Cape Town Convention and Protocol


The Convention on International Interests in Mobile Equipment (pdf) was concluded in Cape Town on 16 November 2001, as was the Protocol on Matters Specific to Aircraft Equipment (pdf). The Convention and the Protocol, adopted under the joint auspices of ICAO and UNIDROIT, shall be read and interpreted together as a single instrument (Article 6(1) of the Convention).

The primary aim of the Convention and the Protocol is to resolve the problem of obtaining certain and opposable rights to high-value aviation assets, namely airframes, aircraft engines and helicopters which, by their nature, have no fixed location. This problem arises primarily from the fact that legal systems have different approaches to securities, title retention agreements and lease agreements, which creates uncertainty for lending institutions regarding the efficacy of their rights. This hampers the provision of financing for such aviation assets and increases the borrowing cost.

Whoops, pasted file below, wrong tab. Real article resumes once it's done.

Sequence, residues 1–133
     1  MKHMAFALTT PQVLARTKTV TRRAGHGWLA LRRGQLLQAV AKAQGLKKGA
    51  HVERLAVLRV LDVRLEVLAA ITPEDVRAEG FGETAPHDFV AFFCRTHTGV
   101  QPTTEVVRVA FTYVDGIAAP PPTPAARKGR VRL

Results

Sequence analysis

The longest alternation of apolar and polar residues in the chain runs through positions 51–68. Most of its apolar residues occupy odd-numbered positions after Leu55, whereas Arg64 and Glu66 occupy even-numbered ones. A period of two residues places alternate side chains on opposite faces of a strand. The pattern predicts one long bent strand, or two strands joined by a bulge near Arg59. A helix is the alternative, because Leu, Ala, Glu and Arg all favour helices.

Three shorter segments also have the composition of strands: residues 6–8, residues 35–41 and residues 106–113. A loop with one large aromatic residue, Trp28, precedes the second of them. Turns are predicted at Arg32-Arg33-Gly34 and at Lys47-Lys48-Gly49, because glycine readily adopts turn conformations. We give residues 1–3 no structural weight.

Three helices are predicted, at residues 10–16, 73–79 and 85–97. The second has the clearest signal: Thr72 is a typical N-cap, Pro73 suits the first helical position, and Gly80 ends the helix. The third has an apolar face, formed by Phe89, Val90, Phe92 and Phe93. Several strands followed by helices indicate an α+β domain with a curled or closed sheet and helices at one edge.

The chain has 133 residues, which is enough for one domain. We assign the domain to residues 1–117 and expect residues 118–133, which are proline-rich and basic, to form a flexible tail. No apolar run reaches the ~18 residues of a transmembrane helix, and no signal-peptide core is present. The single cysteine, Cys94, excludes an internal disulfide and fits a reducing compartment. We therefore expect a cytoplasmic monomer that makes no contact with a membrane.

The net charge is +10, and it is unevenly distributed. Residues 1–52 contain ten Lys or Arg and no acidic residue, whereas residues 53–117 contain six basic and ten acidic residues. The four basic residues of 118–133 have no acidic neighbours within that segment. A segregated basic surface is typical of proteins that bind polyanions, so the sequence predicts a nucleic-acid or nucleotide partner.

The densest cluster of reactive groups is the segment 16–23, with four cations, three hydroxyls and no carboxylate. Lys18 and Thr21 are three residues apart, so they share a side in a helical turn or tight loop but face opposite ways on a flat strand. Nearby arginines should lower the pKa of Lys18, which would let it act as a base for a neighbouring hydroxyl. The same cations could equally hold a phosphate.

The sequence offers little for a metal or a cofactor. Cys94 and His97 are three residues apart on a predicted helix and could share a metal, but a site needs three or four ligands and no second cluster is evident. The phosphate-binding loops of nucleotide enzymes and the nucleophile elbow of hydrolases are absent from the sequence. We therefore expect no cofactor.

As of 16 June 2016, there are 65 Parties to the Convention. A full list of signatory parties is available here .

Advantages of the Convention and the Protocol

Predictability & enforceability. By creating an international interest recognized in all of the Contracting States and establishing an international electronic interest registration system, the Convention and Protocol improve predictability with respect to the opposability of the securities and the interest held by sellers of aviation assets. Indeed, it is estimated, based on World Bank data, that the mean worldwide contract enforcement delay is 10 months. The ratification of the Convention and the Protocol reduces this delay to two months (Linetsky , 2009).
Cost savings. The Convention and Protocol are intended to reduce risks for creditors, and consequently, the borrowing costs to debtors, through the resulting improved legal certainty. This promotes the granting of credit for the acquisition of more modern and thus more fuel-efficient aircraft. The airlines of States that adopt the Convention and the Protocol may receive a ten percent (10%) discount on export credit premiums. For example, it was calculated that the adoption of the Convention will enable Australian airlines to save $330,000 on the purchase of a new ATR 72 and $2.5 million on the purchase of an Airbus A380 (cf. Flightglobal).

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